Thursday, April 10, 2008

Arab Authors Come Up Strong On Shortlist For Lucrative IMPAC Dublin Prize

Lebanon Daily Star

'De Niro's Game' by Lebanese-Canadian Rawi Hage is among the nominees

By Daily Star staff

DUBLIN: Three Arab authors were among eight short-listed for one of the world's most valuable prizes for a single work of fiction in English. Established 13 years ago to underline the Irish capital's importance as an artistic center, the International IMPAC Dublin Literary Award is worth 100,000 euros ($156,400).

Contenders for this year's literary prize are "De Niro's Game" by Lebanese author, visual artist and curator Rawi Hage, Israeli-Arab Sayed Kashua's "Let it Be Morning" and "The Attack" by Algeria's Yasmina Khadra (the pseudonym of Mohammad Moulessehoul).

"The themes of the 2008 short-listed titles are international and include war, love, terrorism, politics, religion, family and murder," says Deirdre Ellis King, Dublin city librarian. Short-listed books are nominated by public libraries in Australia, Canada, Finland, France, Ireland, Lebanon, Sri Lanka and the US.

Hage's novel relates the story of his narrator, Bassam, and his childhood best friend George. Both men have grown up in Civil War Beirut and now must choose whether to stay in the Lebanese capital and consolidate power through crime or to go into exile overseas.

Bassam chooses to embark on a series of petty crimes to pay for his emigration. George enriches himself in the Beirut demimonde, embracing the profitable but deadly and drug-laced life of a gunman.

The IMPAC Dublin Award shortlist was whittled down from 137 titles. Other title are "Winterwood," by Ireland's Patrick McCabe, "The Speed of Light" by Spaniard Javier Cercas, "The Sweet and Simple Kind" by Yasmine Gooneraratne from Sri Lanka, "Dreams of Speaking" by Australian Gail Jones and "The Woman Who Waited" by Andrei Makine, a Russian.

In Kashua's "Let it Be Morning," a young Palestinian journalist moves his new wife and infant to his parents' Israeli-Arab village. The move is complicated, both because his wife hates her husband's parents and because the villagers prove themselves to be petty, provincial and neurotically torn between their Palestinian sympathies and dependence on the Israelis. The tension within the village is stretched to the breaking point when it is surrounded by Israeli tanks, cutting it off from the outside world.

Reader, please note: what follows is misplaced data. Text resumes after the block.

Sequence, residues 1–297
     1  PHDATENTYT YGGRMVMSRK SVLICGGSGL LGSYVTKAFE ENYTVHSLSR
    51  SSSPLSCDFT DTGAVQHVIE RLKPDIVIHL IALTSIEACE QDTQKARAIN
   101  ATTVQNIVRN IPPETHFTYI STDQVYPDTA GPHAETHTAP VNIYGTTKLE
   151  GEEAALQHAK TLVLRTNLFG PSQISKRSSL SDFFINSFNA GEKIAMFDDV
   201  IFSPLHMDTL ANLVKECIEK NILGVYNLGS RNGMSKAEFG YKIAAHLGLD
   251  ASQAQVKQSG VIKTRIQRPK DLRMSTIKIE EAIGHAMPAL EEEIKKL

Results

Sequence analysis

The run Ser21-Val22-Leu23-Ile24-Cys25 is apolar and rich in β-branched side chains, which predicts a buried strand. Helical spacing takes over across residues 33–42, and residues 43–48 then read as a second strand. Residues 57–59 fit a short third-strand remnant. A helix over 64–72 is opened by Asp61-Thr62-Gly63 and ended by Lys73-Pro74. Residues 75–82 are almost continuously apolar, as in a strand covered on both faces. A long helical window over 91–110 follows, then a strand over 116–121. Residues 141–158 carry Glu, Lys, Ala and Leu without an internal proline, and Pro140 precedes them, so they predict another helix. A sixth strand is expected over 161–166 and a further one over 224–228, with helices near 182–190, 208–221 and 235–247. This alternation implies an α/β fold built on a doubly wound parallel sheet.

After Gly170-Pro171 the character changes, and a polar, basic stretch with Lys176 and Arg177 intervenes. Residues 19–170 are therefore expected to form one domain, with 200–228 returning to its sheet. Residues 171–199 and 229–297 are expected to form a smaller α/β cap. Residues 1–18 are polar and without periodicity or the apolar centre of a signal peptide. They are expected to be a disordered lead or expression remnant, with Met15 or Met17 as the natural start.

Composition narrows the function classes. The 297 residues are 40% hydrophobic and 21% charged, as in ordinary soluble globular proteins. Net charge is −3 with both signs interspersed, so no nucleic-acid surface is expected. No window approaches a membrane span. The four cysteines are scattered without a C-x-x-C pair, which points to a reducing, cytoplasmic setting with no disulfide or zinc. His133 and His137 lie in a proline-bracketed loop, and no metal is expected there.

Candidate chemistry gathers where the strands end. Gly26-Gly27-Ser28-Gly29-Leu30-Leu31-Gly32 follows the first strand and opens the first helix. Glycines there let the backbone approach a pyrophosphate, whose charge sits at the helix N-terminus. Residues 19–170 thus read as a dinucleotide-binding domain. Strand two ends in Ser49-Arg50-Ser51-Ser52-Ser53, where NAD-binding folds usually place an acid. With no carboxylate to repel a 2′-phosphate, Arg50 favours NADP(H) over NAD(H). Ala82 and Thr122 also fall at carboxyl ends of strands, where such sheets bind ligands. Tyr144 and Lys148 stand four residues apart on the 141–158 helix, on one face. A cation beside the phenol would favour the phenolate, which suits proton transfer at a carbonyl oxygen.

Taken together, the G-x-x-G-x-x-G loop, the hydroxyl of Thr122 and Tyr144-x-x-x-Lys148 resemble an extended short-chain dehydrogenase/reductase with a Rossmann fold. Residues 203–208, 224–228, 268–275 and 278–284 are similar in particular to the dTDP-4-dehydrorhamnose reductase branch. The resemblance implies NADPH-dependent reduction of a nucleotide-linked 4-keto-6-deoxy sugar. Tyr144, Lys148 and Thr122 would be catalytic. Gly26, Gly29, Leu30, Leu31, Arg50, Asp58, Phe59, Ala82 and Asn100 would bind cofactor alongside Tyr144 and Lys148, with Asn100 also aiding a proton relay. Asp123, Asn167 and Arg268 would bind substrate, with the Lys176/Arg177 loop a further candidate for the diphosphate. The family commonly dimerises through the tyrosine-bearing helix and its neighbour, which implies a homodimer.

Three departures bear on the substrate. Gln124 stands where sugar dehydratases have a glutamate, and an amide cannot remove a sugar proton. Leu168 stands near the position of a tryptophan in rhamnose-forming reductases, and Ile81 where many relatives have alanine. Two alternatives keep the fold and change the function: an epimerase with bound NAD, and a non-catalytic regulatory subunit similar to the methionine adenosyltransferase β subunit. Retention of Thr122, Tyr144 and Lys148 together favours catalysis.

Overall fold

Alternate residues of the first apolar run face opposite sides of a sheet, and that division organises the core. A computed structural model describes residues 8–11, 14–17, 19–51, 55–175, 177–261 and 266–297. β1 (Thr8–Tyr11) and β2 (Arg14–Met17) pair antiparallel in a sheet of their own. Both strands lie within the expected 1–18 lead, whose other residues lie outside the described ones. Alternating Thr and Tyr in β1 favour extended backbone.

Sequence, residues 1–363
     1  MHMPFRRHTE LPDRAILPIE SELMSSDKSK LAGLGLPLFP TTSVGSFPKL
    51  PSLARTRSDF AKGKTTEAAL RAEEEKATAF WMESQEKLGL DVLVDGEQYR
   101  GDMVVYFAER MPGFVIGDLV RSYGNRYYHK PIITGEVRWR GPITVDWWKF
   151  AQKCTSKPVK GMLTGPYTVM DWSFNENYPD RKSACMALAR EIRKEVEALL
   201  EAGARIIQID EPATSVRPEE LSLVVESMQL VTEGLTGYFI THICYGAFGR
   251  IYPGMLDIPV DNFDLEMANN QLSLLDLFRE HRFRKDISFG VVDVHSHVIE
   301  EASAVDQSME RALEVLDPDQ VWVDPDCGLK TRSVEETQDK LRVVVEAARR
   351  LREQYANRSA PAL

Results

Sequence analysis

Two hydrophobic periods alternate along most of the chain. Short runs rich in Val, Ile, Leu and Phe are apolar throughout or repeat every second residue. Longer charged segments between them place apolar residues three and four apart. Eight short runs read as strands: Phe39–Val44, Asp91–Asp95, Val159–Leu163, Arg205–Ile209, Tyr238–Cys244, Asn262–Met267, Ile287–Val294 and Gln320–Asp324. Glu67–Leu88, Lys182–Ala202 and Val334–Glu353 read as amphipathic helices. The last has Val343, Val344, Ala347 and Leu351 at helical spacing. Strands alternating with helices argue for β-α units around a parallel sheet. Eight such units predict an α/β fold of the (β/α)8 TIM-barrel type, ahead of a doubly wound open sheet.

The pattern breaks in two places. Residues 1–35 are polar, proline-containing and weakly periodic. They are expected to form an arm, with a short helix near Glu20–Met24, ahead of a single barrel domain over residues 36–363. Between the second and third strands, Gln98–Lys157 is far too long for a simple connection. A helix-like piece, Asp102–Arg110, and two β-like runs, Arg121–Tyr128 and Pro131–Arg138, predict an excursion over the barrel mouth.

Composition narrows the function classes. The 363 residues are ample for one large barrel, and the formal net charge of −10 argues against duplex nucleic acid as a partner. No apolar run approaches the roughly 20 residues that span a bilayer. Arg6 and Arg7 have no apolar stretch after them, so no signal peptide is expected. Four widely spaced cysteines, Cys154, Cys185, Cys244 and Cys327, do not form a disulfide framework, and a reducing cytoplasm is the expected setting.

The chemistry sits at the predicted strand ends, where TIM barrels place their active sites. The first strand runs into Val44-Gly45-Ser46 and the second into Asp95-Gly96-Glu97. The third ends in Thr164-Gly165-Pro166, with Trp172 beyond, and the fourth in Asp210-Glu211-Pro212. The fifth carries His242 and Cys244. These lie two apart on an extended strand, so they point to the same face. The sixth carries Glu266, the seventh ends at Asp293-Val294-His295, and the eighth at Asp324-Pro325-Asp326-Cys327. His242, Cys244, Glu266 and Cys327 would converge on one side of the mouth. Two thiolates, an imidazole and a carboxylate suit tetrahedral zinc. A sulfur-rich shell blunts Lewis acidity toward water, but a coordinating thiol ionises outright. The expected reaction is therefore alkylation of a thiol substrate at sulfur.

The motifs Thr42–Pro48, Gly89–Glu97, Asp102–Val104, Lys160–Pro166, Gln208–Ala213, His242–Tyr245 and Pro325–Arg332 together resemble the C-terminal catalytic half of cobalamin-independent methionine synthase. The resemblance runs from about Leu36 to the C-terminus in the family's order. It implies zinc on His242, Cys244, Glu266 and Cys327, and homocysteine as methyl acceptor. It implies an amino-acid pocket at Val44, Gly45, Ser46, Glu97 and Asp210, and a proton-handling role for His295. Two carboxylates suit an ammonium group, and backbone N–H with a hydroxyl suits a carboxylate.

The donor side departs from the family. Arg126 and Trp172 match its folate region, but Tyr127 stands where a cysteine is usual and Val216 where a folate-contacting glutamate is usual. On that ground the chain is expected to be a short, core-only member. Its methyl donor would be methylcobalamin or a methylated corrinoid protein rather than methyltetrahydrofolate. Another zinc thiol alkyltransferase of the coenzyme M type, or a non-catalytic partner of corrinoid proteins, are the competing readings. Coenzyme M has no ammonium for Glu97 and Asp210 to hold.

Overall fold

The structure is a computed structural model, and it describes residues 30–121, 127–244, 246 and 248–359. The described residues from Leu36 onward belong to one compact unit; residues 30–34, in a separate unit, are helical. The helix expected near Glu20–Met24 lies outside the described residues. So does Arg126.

In 2007, Norway's Per Petterson and his translator Anne Born won last year's IMPAC Dublin Award prize for the novel "Out Stealing Horses." Petterson beat South African Nobel-laureate J.M. Coetzee and Indian-born British writer Salman Rusdie, as well as bestseller "No Country for Old Men" by America's Cormac McCarthy. The 2006 prizes was taken by Irish writer Colm Toibin for his book "The Master."

Khadra's "The Attack" is also set in occupied Palestine. Its central character is Ammine, an Israeli-Arab surgeon who works in an Occupied Jerusalem hospital. When Israeli police blame his Israeli-Arab wife for a suicide operation he is baffled until he finds she was behind the attack. He travels to Nazareth and Gaza, in an effort to uncover her motives. In the process, Amine finds everything he's understood about his life has become tragically undermined.

The IMPAC Dublin Award's jury members are Nigerian-born novelist and teacher Helon Habila; Jamaican-born professor of contemporary literature at the University of Manchester Patricia Duncker; Pakistan-born short story-writer Aamer Hussein; Irish writer Eibhlin Evans and Majorcan lawyer and writer Jose Luis de Juan. Former US Court of Appeals Chief Judge Eugene R. Sullivan chairs the competition's panel of judges.

Dublin City Council and the Dublin-headquartered US management company IMPAC set up the prize. The legal disclaimer on its Web site says IMPAC is "a registered trademark owned by Integrated Control Systems, Inc., a Florida corporation" chaired by James B. Irwin.

The company's Web site says that IMPAC works with "60 different countries, with over 600 companies and organizations" to reduce costs and increase productivity. Other interventions in the area of cultural production include IMPAC University (founded in December 1998) and the IMPAC Connecticut State University System Young Writers' Competition.

The winner the 2008 the International IMPAC Dublin Literary Award will be announced by Dublin's Lord Mayor, Paddy Bourke, on June 12. - The Daily Star with Reuters

  • IMPAC Young Writers In Connecticut, USA
  • 1 comment:

    Anonymous said...

    the IMPAC competition was pretty big in my high school's creative writing department. I think it was 3 or 4 of us actually made it to the finals/award ceremony only to be given booby-prizes, but its still a really neat contest. I didn't know anybody outside of high school english teachers even knew about it haha